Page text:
Document Detail

Long-term exercise adherence in the elderly with chronic low back pain.
MedLine Citation:
PMID:  16428902     Owner:  NLM     Status:  MEDLINE    
OBJECTIVE: Chronic back pain is common in the elderly population and can be treated with exercise. Long-term adherence to exercise recommendations has been documented in adults of <65 yrs of age but not for elderly adults. This study explored exercise behaviors of elderly adults with a history of chronic back pain before and 2 yrs after treatment in an exercise-oriented rehabilitation program. DESIGN: This study utilized a case series design to survey 126 subjects >65 yrs old who underwent physical therapy during the year 2000 for complaints of chronic low back pain. Of these, 89 (70%) responded to the 2-yr questionnaire. Outcome measures included visual analog scale for pain, Oswestry disability questionnaires, back flexibility and strength, and a questionnaire exploring exercise behaviors. All subjects underwent a 6-wk physical therapy program that consisted of exercise coupled with advice to remain active. RESULTS: Improvements in flexibility and strength occurred during treatment. Mean Oswestry disability scores (0-100 scale) improved from 32 to 20, and pain scores (0-10 scale) from 5.0 to 3.0 during treatment (P < 0.001) and were maintained at the 2-yr follow-up, regardless of exercise adherence. The percentage of patients who performed at least some exercise increased from 49% before treatment to 72% at the 2-yr follow-up. The changes in disability or pain observed during treatment did not influence exercise compliance. The most frequently stated reasons for nonadherence was that exercise did not help or aggravated pain (33%). For those who exercised regularly, 80% did so because of the health benefits from exercise. CONCLUSIONS: The exercise behaviors of many elderly adults with chronic low back pain can increase after an exercise-oriented spine physical therapy program.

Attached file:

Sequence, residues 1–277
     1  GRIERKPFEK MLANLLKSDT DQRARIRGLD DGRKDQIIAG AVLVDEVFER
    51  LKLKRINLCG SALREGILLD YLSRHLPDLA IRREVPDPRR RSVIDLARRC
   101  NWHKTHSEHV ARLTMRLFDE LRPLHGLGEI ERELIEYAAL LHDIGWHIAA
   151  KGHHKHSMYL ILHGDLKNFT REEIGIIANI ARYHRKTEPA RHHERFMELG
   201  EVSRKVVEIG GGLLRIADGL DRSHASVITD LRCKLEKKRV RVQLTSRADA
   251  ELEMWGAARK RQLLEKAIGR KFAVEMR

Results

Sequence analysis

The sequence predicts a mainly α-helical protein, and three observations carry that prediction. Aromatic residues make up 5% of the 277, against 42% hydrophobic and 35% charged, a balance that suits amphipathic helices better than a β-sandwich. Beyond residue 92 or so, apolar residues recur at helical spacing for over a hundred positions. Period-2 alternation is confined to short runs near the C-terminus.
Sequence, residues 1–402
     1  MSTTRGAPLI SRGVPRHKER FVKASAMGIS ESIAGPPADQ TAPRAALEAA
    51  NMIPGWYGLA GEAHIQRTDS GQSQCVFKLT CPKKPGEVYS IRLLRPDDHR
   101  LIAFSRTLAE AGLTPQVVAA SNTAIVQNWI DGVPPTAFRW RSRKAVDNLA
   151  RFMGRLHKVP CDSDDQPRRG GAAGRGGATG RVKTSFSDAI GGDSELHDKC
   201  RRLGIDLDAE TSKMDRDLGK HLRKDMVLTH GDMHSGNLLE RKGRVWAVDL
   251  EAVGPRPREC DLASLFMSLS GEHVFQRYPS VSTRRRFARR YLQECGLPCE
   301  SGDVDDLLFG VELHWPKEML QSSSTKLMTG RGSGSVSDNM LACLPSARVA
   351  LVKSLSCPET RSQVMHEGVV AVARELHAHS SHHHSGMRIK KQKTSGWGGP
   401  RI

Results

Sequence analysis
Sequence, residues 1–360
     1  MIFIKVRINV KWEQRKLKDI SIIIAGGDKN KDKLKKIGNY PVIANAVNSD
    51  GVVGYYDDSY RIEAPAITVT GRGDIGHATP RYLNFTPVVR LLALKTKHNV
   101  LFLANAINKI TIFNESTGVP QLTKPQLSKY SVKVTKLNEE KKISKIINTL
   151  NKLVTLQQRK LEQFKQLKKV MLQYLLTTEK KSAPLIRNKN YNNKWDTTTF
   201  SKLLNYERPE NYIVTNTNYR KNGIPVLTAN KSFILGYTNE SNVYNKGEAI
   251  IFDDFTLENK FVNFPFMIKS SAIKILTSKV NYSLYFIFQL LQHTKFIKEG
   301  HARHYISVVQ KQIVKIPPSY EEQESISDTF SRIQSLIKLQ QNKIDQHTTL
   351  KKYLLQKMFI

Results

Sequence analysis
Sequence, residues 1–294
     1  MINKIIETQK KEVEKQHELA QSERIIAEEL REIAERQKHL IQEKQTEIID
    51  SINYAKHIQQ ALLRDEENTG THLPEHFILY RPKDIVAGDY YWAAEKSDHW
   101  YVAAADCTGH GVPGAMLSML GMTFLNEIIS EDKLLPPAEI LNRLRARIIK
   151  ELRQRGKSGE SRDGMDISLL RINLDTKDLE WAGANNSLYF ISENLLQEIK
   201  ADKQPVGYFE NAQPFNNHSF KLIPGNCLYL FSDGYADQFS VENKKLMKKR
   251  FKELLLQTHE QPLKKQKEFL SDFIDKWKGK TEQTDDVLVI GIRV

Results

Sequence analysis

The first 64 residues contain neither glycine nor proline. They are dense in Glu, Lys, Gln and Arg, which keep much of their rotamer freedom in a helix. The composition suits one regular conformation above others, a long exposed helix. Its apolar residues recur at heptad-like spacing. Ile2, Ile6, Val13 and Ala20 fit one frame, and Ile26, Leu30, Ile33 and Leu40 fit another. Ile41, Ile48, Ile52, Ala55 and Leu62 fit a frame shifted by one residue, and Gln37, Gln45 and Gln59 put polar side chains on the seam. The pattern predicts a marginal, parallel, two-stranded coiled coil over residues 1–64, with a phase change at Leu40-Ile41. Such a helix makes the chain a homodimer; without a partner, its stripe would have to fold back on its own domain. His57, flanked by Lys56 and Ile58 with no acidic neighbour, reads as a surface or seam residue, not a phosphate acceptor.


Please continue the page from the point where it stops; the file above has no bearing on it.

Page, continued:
Julie Mailloux; Mark Finno; James Rainville
Publication Detail:
Type:  Journal Article    
Journal Detail:
Title:  American journal of physical medicine & rehabilitation / Association of Academic Physiatrists     Volume:  85     ISSN:  0894-9115     ISO Abbreviation:  Am J Phys Med Rehabil     Publication Date:  2006 Feb 
Date Detail:
Created Date:  2006-01-23     Completed Date:  2006-02-16     Revised Date:  -    
Medline Journal Info:
Nlm Unique ID:  8803677     Medline TA:  Am J Phys Med Rehabil     Country:  United States    
Other Details:
Languages:  eng     Pagination:  120-6     Citation Subset:  AIM; IM    
Massachusetts School of Professional Psychology, Boston, Massachusetts, USA.
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MeSH Terms
Attitude to Health*
Chronic Disease
Disability Evaluation
Exercise Therapy*
Follow-Up Studies
Health Behavior*
Low Back Pain / rehabilitation*
Patient Compliance*

From MEDLINE®/PubMed®, a database of the U.S. National Library of Medicine

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